Pack Journalism

Pack journalism describes the practice of journalists covering the same stories from the same perspective. With the advent of 24-hour news programming, reporters from different geographical areas can travel across the globe to cover the same news event. Pack journalism was originally used to label the “packs” of journalists who traveled with political candidates to cover the news on the campaign trail.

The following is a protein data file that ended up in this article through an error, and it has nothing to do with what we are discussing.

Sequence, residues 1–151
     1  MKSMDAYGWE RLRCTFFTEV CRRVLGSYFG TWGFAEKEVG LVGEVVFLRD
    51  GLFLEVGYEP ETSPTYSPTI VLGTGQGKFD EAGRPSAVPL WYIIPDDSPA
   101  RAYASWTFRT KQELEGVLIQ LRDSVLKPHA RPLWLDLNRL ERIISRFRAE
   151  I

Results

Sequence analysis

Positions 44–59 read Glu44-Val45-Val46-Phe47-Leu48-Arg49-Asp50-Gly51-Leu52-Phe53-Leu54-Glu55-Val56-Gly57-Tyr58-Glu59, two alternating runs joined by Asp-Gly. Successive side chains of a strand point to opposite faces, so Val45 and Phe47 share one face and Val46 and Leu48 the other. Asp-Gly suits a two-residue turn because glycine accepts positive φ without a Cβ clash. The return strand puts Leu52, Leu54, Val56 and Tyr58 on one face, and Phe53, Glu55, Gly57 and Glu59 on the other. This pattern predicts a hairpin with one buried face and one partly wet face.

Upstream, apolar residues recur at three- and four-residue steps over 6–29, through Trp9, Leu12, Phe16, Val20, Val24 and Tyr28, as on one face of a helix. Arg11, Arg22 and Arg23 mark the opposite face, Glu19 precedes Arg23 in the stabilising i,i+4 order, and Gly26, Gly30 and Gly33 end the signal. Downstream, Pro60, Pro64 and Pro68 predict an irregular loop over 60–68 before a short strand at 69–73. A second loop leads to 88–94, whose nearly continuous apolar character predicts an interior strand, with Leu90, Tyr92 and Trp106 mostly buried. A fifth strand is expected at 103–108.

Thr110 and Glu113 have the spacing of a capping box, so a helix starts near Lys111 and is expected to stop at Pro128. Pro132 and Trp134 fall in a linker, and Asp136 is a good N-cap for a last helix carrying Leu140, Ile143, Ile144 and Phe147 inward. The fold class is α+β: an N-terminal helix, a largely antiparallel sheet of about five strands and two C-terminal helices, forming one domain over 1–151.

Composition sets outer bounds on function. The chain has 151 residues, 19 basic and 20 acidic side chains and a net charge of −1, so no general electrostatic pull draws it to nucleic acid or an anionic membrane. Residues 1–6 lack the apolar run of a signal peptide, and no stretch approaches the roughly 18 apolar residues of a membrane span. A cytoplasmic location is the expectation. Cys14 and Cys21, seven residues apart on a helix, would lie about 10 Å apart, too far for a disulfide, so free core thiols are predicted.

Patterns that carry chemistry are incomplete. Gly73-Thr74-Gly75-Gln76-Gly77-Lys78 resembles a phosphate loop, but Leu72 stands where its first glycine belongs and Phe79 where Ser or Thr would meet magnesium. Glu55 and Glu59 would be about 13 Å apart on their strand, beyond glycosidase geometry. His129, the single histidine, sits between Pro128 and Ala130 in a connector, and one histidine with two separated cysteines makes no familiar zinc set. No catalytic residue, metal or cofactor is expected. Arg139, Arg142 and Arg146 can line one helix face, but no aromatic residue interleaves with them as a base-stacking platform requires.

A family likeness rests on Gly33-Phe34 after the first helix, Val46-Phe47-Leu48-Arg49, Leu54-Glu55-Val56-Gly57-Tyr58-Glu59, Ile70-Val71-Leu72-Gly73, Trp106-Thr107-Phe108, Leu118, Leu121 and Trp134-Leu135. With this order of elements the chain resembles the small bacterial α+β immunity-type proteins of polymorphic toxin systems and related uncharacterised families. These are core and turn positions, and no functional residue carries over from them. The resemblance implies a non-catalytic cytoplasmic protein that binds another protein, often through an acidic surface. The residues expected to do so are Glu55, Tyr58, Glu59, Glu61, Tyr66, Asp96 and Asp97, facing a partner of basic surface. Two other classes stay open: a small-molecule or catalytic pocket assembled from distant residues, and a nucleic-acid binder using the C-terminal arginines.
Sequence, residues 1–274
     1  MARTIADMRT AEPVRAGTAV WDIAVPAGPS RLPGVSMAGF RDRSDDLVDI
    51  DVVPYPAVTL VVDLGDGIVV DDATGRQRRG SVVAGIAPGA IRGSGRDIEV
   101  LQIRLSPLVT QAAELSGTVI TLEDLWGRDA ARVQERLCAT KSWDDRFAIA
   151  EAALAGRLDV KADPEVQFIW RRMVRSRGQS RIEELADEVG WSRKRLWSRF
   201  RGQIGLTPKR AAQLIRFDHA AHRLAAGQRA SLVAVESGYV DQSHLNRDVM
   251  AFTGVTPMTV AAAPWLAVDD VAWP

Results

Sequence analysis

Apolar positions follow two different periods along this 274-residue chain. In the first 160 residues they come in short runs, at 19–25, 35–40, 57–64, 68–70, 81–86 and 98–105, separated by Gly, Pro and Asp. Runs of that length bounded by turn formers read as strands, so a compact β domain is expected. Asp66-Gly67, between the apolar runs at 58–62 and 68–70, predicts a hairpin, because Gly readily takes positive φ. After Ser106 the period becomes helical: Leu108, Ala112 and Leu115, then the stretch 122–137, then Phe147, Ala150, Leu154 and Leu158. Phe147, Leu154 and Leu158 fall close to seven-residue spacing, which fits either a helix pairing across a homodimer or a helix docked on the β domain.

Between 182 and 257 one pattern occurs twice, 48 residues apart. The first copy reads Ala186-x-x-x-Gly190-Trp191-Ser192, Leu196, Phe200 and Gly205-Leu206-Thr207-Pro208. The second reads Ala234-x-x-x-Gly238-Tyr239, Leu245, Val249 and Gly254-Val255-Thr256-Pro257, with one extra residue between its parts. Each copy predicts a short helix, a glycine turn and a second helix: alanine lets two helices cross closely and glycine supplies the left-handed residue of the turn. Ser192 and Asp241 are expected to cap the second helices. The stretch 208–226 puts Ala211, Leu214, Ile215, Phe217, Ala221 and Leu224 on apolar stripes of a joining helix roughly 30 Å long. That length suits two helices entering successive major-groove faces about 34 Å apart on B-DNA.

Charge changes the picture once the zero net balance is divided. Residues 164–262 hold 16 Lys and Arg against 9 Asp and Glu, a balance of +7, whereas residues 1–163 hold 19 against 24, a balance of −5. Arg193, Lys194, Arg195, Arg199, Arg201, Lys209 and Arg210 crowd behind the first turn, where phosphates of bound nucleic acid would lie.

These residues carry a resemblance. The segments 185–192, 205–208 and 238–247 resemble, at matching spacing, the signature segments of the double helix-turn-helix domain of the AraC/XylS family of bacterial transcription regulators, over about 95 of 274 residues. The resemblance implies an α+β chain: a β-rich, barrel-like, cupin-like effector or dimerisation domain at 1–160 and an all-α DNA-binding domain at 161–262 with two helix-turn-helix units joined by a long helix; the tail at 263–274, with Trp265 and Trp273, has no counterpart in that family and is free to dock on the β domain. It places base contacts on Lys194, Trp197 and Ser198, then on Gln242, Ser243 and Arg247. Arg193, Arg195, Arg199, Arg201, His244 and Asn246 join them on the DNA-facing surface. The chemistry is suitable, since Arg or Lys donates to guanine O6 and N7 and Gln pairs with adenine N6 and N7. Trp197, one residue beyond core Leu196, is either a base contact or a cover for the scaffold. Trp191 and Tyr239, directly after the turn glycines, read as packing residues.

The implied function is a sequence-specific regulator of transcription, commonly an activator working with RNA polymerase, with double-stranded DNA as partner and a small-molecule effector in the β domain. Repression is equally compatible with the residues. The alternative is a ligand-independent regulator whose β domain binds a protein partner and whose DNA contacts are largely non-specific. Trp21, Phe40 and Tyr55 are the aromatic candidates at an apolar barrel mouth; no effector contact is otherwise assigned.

The phrase “pack journalism” (also known as “herd journalism” and “fuselage journalism”) is attributed to Thomas Crouse, who introduced the concept in his book Boys on the Bus. Published in 1972, Crouse described how journalists were transported en masse (called “packs”) from one campaign location to another to cover speeches, fundraisers, and other campaign events. During the McGovern presidential campaign coverage, only a few ...

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